'e and eye' is an interesting short series of free presentations / discussions taking place at Tate Modern, London, peripatetic within the permanent-collection galleries after they close to the public on Monday evenings. They are intended to explore and discuss 'the relationship between the visual, the poetic and the electronic in art', with particular reference to those aspects of digital or new-media art that might fall within some definition of 'electronic poetry', but reflecting also some of the specific art movements and work represented in the Tate's current new re-hang. In practice, a wide range of digital and multimedia art has been shown and talked about. An extensive blog-site gives details of all participants, includes texts or summaries of some of their presentations, and also includes new commissioned essays by several 'virtual theorists', together with the opportunity for anyone to add comments or start an independent discussion.
I took part in last week's session (30 October). The evening began in the room for Cubism, Futurism and Vorticism, with Tim Mathews (professor of French at University College, London) talking about the Calligrammes of Apollinaire, with reference to A's involvement in the contemporary visual arts we could see around us. Tim proposed a crucial question about visual literature: Is it (can it be) a truly critical form? or is it confined usually to the impressionistic?
I gave brief presentations of work by the venerable e-poet Jim Rosenberg (US), who explores interactive, diagrammatic layouts (also varieties of 'simultaneity')
and by the digital-artist and/or 'code-poet' Ted Warnell (Canada), who produces astonishing images, often referencing modern art (including e.g. analytical cubism), purely through the means of writing code for an internet browser. My rubric was: 'How far can you go? boundaries of the visual in (e)poetry'. An extract of what I said about Ted's work is on his blog, mo'po.
We then moved to another part of the gallery, where Sharon Morris (London-based poet & artist), without discursive preamble, gave an accomplished and atmospheric staging to a sequence of her own poetry on the city (specifically London), performed off the page and accompanied by photography and film (taken digitally and intended for web distribution). It was also a cleverly site-specific presentation, both physically and thematically, relating to the 'City Symphonies' installation of several experimental art films in the gallery. Demonstrating that one response to doubts about the visual word's limitations is to work in compound visual and verbal modes, potentially deepening rather than diluting the potentialities of both.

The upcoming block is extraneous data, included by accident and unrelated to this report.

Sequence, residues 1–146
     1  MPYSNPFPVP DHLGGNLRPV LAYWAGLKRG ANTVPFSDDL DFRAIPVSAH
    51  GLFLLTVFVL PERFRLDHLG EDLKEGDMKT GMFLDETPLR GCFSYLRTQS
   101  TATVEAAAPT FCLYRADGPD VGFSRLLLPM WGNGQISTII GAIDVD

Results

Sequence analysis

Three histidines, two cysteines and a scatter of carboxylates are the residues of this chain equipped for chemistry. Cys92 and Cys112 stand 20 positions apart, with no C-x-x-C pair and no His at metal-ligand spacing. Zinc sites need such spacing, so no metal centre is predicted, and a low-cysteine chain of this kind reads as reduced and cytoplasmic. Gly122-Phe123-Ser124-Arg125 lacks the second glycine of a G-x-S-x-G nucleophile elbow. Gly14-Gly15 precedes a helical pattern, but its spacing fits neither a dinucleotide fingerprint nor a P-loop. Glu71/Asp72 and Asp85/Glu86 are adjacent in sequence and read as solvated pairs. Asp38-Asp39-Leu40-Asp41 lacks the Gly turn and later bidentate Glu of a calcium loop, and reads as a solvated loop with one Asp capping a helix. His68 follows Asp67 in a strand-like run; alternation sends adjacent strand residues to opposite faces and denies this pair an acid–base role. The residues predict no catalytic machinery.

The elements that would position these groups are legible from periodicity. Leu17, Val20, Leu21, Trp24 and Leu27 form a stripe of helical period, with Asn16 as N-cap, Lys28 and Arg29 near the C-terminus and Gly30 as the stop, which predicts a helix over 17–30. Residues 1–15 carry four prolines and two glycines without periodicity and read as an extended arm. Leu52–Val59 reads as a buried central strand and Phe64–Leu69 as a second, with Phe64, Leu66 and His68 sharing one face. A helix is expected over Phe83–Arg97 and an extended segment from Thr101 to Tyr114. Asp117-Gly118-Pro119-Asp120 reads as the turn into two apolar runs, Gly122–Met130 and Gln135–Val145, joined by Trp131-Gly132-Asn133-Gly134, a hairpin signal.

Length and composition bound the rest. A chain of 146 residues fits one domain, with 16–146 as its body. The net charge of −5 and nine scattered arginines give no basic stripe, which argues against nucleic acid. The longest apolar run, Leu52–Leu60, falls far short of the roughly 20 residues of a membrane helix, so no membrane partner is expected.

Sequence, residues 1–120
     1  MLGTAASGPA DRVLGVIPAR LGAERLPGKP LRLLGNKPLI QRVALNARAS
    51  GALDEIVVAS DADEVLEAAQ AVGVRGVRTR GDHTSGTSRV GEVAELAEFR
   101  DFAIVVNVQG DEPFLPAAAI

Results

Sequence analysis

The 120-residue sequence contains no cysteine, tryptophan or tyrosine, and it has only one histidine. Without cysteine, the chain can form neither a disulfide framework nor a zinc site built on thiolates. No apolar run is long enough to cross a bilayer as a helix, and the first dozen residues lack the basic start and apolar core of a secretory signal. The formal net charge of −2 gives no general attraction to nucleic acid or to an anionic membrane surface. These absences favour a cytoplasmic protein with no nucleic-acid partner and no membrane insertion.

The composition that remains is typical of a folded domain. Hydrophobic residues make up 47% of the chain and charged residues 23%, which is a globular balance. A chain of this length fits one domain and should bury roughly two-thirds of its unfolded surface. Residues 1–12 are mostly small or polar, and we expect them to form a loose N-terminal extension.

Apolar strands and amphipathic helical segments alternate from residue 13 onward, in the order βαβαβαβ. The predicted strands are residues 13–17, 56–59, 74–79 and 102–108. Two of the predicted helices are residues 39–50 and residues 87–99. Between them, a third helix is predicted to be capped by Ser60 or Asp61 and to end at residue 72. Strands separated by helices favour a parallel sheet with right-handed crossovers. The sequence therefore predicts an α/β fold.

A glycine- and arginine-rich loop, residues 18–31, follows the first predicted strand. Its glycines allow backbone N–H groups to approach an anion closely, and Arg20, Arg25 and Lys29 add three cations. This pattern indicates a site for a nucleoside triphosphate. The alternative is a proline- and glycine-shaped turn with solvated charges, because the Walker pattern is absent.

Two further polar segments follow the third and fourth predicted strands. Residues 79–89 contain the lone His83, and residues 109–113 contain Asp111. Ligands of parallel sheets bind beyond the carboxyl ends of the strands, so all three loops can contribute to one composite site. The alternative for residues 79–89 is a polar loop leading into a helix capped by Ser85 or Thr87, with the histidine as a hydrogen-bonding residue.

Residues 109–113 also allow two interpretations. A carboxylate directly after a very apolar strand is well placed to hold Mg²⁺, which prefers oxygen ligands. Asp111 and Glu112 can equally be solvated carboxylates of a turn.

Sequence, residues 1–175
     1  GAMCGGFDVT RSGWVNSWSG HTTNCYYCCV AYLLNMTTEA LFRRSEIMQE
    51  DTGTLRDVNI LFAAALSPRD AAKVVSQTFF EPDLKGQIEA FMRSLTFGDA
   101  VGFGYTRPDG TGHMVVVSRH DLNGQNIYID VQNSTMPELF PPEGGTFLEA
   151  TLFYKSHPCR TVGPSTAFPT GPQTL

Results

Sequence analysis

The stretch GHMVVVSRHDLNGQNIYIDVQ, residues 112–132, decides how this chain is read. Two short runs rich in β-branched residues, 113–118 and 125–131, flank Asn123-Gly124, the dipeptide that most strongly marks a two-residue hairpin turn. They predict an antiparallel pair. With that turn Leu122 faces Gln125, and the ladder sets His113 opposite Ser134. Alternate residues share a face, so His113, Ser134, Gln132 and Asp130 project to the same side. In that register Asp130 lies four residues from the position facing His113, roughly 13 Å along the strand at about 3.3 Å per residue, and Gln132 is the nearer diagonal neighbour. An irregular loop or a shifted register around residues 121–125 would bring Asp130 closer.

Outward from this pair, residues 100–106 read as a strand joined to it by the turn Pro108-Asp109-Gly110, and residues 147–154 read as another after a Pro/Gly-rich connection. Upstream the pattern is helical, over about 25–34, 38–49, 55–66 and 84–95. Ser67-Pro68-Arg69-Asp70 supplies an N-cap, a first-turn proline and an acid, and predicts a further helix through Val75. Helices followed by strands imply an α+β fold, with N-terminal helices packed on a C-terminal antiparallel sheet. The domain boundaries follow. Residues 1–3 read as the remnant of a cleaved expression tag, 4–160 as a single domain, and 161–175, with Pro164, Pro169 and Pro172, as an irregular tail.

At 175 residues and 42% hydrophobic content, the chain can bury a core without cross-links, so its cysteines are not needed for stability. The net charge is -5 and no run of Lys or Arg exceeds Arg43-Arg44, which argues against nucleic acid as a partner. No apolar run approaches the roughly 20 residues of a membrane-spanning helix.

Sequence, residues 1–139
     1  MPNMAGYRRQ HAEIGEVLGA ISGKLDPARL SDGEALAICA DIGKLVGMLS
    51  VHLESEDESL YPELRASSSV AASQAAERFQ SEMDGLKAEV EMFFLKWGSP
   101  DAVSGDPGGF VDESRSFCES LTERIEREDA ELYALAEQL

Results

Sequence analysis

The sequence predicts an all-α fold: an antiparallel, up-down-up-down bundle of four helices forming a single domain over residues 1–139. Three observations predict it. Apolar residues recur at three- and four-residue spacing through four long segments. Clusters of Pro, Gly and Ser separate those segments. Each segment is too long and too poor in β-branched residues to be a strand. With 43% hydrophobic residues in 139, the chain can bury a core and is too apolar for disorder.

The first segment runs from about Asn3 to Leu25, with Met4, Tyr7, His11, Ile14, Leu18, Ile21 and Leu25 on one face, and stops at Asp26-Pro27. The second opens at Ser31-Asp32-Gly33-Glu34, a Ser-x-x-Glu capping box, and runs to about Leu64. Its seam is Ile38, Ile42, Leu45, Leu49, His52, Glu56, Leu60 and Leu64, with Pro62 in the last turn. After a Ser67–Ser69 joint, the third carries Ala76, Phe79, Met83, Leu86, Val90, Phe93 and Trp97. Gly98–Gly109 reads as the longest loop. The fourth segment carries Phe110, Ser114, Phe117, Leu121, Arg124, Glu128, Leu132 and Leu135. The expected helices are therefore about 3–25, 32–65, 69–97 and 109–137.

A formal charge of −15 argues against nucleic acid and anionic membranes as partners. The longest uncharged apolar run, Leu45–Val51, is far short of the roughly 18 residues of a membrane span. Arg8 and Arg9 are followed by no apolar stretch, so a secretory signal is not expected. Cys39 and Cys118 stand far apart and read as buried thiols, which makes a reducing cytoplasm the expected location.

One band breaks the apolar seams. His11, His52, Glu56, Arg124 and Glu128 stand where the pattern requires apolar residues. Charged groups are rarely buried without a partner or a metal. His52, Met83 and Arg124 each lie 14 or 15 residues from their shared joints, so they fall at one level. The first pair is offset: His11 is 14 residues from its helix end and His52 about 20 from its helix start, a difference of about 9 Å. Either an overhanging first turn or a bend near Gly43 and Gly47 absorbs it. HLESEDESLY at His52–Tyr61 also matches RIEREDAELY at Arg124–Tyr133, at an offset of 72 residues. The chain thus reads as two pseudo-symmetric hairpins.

Work by the 'virtual practitioners' for the evening was then projected to full advantage inside the small dark screening room. Talan Memmott's Self-Portrait(s) [as Other(S)] is a comically apt recombinant montage, visual and textual, of famous artist self-portraits and art-historical tropes of artist biography, whose accessibility perhaps belied its technical virtuosity: Talan has long been acknowledged as a major figure in digital art/poetry.
Maria Mencia's 'Cityscapes' offers a rich and highly interactive, Flash based 'Make your own' montage, using a plethora of imagery and texts from city streets: advertising, road signs, graffiti etc. etc. (which Mencia calls 'new calligrams'), and also sounds (collected from vocalisations in many languages).
This piece demonstrates the potential for electronic arts to make social, public engagements, and is most attractive and optimistic; and as a bonus since Maria is based in London, she was able to be present and talk about it too.
The cross-currents and questions raised by the session as a whole were to ponder, as are those emerging from the whole series. The last session is next Monday, 13 November, 18:30-20:00, Tate Modern. (Free.)
Wednesday, 8 November 2006
Thursday, 2 November 2006
I hereby condemn C.A. Forget's Margin Release (NY: 3x5 Books, c1976). It consists of a bunch of 5x3 cards printed with, I'm now inclined to feel, really quite dull typewriter 'mats'. But the unforgiveable thing is that this collection was packaged (presumably as issued) in an unpleasant plastic wallet; and just now as I stood on a stool putting away Lotto by Kaia Sand, on the top shelf where the tiny books go, I discovered that this wallet had adhered itself tightly to the next book along -- the precious Ideas on the Culture Dreamed Of by Allen Fisher (Spanner, 1982) (also typewriter-typeset, and miniaturised). As I started gently to peel the two apart, fibre from the Fisher's yellow cover card, and ink from its author-designed motifs (which are matched on red end-papers), adhered to the plastic. I proceeded above a boiling kettle (possibly it would have been wiser to heat an oven ring) and managed to preserve the total design of the cover (the front, alas, as Fi precedes Fo), but most of the images are greyed, and the whole surface is now rough, and vulnerable to dirt, & more damage.